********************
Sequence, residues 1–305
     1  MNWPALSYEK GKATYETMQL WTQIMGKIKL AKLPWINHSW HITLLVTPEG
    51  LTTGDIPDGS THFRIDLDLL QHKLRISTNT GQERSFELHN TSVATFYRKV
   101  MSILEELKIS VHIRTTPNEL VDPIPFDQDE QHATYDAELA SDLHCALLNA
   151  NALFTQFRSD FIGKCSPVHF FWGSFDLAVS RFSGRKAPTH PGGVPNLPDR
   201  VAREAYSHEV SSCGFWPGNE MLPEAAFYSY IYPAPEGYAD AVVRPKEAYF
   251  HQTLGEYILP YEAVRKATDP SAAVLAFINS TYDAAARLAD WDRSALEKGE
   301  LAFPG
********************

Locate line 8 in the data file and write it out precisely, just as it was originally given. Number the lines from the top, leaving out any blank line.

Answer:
   301  LAFPG